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  Terrence Heath

Portraits of Ephemerality (1999)

Colette Whiten at The Susan Hobbs Gallery
December 3, 1998 — January 30, 1999

[ 1,406 words ]


At each exhibition of the works of Colette Whiten, I think again of the opening sentence of Theodor Adorno's Aesthetic Theory: 'It is now taken for granted that nothing which concerns art can be taken for granted any more: neither art itself, nor art in its relationship to the whole, or even the right of art to exist.' Whiten does not take anything for granted — not what to make, how to make it or even why it should be made in the first place. She seems continually to reinvent art.

This profound level of questioning the nature of art making itself is what makes her 'an artist's artist.' It's not that all her work is profound or successful, but all her work does arise out of a continuous and unrelenting struggle to come to terms with the dilemmas of living in the 20th century. Her work is not about the nature of art, but about inventing a way to deal with the issues that engage her as a human being in this place, at this time.

One of the concerns in her most recent exhibition, at the Susan Hobbs Gallery, is the portrait. The genre is a very old one in the history of western art but these portraits are unlike any I have seen before. She has created images of colleagues and friends out of black, white and grey beads sewn onto cloth. Her previous works with beads were free-hanging curtains of various sizes, some more like fringes and others up to seven feet high and perhaps six feet wide. The new ones are sewn on cloth and look at first like her earlier petit point black and white images taken from newspaper photos of major political events. Each portrait is circular, about five inches in diameter, and placed in the type of globular bowl used for terrariums or small plant conservatories. These are mounted on the wall and from a distance look like eyes, with the portrait being the iris. Not, of course, eyes in a head but individual eyes fastened to the wall.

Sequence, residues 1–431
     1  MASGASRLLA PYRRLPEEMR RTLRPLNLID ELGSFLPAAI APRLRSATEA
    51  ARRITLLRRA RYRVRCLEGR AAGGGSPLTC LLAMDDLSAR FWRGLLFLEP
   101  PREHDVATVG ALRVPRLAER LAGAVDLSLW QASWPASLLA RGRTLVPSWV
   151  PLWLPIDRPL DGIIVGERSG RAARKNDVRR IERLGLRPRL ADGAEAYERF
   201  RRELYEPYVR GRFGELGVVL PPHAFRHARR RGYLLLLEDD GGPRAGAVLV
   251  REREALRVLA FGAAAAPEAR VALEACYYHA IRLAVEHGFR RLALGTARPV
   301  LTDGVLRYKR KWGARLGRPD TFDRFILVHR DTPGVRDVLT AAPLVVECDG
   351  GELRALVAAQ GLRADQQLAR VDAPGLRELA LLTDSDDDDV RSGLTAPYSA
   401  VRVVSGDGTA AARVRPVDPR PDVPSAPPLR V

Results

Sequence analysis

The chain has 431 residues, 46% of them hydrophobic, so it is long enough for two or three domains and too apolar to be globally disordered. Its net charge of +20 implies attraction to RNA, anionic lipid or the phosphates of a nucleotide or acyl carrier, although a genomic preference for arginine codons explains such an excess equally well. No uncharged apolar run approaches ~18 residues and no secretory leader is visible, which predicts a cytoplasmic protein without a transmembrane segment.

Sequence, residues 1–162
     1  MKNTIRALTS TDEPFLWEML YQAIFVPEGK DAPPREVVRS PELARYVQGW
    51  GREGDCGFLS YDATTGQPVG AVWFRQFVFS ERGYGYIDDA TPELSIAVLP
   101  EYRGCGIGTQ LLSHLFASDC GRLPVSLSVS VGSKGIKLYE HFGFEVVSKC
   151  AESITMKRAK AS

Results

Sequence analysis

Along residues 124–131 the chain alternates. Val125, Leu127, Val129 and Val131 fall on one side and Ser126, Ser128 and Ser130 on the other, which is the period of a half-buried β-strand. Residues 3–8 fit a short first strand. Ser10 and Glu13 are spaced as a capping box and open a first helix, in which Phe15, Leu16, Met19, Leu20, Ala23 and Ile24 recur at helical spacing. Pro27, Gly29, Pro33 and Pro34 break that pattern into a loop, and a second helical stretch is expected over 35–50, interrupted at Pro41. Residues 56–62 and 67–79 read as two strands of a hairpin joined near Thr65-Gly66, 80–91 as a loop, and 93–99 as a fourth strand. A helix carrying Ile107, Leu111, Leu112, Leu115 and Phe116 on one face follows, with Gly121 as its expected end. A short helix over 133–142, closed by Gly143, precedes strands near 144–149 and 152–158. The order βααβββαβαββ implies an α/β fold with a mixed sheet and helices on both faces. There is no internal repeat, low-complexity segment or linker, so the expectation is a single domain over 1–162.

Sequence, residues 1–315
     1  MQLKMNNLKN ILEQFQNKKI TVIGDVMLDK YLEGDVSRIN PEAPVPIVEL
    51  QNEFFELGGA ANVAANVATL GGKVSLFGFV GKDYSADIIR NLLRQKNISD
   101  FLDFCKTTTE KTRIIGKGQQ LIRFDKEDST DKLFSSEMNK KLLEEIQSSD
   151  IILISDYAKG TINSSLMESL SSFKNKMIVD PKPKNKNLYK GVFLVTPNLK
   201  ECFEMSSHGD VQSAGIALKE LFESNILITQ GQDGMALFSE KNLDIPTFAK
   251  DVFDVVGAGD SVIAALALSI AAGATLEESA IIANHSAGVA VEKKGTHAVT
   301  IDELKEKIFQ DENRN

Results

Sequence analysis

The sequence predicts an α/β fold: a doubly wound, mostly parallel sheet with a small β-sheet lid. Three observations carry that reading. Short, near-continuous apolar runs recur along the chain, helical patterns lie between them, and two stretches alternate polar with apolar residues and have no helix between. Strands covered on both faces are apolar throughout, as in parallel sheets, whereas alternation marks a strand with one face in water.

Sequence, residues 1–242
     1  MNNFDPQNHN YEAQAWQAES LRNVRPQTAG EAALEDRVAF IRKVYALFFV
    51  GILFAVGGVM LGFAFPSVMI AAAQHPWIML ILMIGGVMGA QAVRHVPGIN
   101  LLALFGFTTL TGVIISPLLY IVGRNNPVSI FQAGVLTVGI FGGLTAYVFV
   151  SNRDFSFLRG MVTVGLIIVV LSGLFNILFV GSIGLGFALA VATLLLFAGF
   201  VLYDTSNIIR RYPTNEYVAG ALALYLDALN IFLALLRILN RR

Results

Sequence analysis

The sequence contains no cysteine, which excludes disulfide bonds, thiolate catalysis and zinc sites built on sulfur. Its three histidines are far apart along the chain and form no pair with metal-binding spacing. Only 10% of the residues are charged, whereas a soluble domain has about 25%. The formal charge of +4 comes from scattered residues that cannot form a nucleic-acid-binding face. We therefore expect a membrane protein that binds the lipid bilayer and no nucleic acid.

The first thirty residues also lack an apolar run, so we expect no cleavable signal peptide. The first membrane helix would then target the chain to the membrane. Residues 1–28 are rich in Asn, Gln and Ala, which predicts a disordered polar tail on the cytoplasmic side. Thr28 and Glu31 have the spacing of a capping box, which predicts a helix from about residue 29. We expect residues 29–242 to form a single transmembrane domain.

Obviously a wall of eyes is very disconcerting, but as you approach you focus on the faces that are, so to speak, in the eyes. It's as if you could see what the eye is looking at rather than what you are looking at — which is a portrait. The fact that the portrait is black and white suggests strongly its origin in a photograph. As I went from portrait to portrait I realized how ubiquitous in our society is the experience of being looked at by photographs. We are watched by our grandparents, our parents, our children, the living and the dead. We are followed by the gaze of politicians, models and celebrities. The accepted stance is that we are looking at the photographs but Whiten has cut through to another more uncomfortable reality: we are the ones being looked at. We are looking at an image looking at us in an eye looking at us.

Colette Whiten has, as far as I know, no particular interest in Zen, but these new works are very close to visual koans. The closest parallel I can think of is a recent work by Nobuo Kubota called The Mute Raven in which a raven and a camera face each other. The ravens eyes are ball bearings and reflect the camera; the camera's lens is a mirror and reflects the raven. We come to stasis, but feel tantalizingly as if we are on the verge of realizing some profound truth.

The way Whiten has chosen to exhibit these portraits has to be accepted as her statement, but other ways of seeing these objects are possible. The first time I saw them was in her studio where they were attached to steel strips mounted on bases which projected the images out at the viewer. The portrait itself was stretched, much like a piece of embroidery, on a round frame and the rest of the cloth simply hung down. They were like small spirit people or slightly threatening puppets. They brought to mind depictions of the transference of Christ's face onto Veronica's veil, or that extraordinary self-portrait of Michelangelo in the The Last Judgement that hangs down as stripped skin. What is most striking in her final choice of presentation is how she has moved from this earlier, more theatrical presentation to a deeply felt concern with the contemporary and personal experience of these portraits.